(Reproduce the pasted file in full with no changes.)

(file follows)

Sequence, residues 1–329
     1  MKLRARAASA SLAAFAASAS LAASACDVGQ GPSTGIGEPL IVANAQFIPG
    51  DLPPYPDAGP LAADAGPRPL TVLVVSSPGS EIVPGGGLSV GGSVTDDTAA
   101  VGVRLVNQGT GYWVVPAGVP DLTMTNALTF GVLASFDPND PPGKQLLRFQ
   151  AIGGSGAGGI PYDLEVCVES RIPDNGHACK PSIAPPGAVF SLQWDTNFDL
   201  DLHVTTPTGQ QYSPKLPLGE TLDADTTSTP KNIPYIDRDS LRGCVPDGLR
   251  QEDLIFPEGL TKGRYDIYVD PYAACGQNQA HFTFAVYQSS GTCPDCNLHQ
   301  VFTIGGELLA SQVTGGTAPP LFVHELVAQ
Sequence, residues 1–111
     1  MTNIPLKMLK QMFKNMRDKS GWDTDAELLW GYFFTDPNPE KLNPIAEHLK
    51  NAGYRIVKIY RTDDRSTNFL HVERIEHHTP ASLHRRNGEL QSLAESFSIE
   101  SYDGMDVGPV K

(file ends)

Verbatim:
Sequence, residues 1–329
     1  MKLRARAASA SLAAFAASAS LAASACDVGQ GPSTGIGEPL IVANAQFIPG
    51  DLPPYPDAGP LAADAGPRPL TVLVVSSPGS EIVPGGGLSV GGSVTDDTAA
   101  VGVRLVNQGT GYWVVPAGVP DLTMTNALTF GVLASFDPND PPGKQLLRFQ
   151  AIGGSGAGGI PYDLEVCVES RIPDNGHACK PSIAPPGAVF SLQWDTNFDL
   201  DLHVTTPTGQ QYSPKLPLGE TLDADTTSTP KNIPYIDRDS LRGCVPDGLR
   251  QEDLIFPEGL TKGRYDIYVD PYAACGQNQA HFTFAVYQSS GTCPDCNLHQ
   301  VFTIGGELLA SQVTGGTAPP LFVHELVAQ
Sequence, residues 1–111
     1  MTNIPLKMLK QMFKNMRDKS GWDTDAELLW GYFFTDPNPE KLNPIAEHLK
    51  NAGYRIVKIY RTDDRSTNFL HVERIEHHTP ASLHRRNGEL QSLAESFSIE
   101  SYDGMDVGPV K